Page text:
The Irish Finance Bill 2003 was published on February 6 2003 and contains the long-awaited beneficial changes to the existing Irish securitization legislation. The intention behind the changes (which come into force with immediate effect) is to make Ireland the jurisdiction of choice for the location of special purpose vehicles (SPVs) for structured finance transactions.
The main features of the new legislation can be summarized as follows:
The SPV can now carry on the business of holding or managing (or of both the holding and managing of) financial assets. Previously the SPV was required to manage financial assets.
Financial assets are defined as including:
- shares, bonds and other securities;
- futures, options, swaps, derivatives and similar instruments;
- invoices and all types of receivables;
- obligations evidencing debt (including loans and deposits);
- leases and loan and lease portfolios;
- hire purchase contracts;
- acceptance credits and all other documents of title relating to the movement of goods; and
- bills of exchange, commercial paper, promissory notes and all other kinds of negotiable or transferable instruments.
The financial assets can be acquired from anyone and anywhere or can be created by the SPV entering into legally binding obligations with any person. Previously the financial assets had to be acquired by the SPV.
All payments of interest by the SPV will now be deductible for tax purposes. Previously results-dependent or excessive interest was recharacterized as a distribution and hence was non-deductible.
The first transaction entered into by the SPV must involve assets with a market value of at least €10 million ($10.78 million). After the first transaction there is no financial requirement for future transactions. Previously every transaction with a new counterparty had to have a value of more than €12.69 million.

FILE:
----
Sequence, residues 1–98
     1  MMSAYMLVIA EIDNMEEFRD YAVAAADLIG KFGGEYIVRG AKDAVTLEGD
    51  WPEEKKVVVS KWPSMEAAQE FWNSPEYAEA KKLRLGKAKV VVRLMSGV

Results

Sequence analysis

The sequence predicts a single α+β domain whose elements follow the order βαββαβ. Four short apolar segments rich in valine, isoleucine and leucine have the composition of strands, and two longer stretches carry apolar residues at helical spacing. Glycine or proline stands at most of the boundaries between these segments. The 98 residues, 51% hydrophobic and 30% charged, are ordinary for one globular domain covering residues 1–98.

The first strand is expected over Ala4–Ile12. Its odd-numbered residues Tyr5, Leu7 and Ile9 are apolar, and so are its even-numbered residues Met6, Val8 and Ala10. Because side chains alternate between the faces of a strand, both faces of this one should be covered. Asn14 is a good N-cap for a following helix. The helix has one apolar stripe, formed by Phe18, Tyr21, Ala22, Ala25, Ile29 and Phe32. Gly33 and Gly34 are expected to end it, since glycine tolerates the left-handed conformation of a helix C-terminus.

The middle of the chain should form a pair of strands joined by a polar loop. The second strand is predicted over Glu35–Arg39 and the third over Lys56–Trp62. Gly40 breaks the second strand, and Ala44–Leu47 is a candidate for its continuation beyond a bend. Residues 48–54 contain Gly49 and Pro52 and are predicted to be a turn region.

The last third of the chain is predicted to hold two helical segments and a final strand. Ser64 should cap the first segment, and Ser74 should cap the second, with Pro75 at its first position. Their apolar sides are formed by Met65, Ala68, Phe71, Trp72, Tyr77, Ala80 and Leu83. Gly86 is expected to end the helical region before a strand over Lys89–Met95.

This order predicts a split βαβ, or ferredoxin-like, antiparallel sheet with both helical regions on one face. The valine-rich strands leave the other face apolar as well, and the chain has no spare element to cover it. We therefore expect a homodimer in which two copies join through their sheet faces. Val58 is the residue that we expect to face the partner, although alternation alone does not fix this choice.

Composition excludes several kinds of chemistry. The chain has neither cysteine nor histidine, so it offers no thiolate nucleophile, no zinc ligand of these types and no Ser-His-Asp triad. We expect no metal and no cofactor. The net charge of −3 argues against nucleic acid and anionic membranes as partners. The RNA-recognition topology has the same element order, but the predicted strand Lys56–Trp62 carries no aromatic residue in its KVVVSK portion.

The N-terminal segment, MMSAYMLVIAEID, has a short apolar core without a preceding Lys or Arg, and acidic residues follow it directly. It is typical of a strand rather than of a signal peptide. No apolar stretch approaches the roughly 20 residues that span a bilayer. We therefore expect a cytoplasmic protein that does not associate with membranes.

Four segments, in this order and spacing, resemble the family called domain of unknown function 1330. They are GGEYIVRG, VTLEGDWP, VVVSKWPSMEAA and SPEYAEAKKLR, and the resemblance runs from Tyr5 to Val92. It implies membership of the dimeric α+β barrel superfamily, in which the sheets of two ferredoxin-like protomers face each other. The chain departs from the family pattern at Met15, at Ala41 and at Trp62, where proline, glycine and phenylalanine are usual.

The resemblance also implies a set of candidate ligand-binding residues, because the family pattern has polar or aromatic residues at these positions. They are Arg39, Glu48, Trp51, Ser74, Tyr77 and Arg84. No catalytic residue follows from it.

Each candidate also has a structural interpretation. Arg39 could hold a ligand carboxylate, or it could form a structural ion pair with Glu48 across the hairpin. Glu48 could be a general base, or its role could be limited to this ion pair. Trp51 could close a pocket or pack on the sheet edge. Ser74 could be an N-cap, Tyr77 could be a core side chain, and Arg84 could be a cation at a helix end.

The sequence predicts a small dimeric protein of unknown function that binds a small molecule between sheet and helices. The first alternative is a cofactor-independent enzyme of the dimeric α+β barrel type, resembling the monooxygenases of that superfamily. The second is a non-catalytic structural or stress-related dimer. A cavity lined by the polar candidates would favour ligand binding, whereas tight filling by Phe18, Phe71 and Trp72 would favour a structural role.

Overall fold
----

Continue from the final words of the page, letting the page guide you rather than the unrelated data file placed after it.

The Finance Bill also incorporates further technical changes that improve the existing legislation in relation to the ability of the SPV to claim a deduction for bad debts and to carry forward any losses incurred by the SPV.
The Finance Bill includes an exemption from Irish withholding tax on payments of interest by an Irish securitization SPV to any person who is resident in an EU member state (other than Ireland) or any country with which Ireland has entered into a double tax treaty. Previously, such an exemption was only available in respect of interest paid to a corporate body resident in an EU member state (other than Ireland) or resident in a country with which Ireland has entered into a double tax treaty.
As stated above, the intention behind these changes is to encourage the use of Ireland as a location for the incorporation of tax neutral SPVs for securitization, repackaging, warehousing and other structured finance transactions. As no rulings or authorizations are required from the Irish tax authorities in order to avail of the new legislation, this should make Ireland a particularly attractive jurisdiction when compared to other on-shore SPV locations.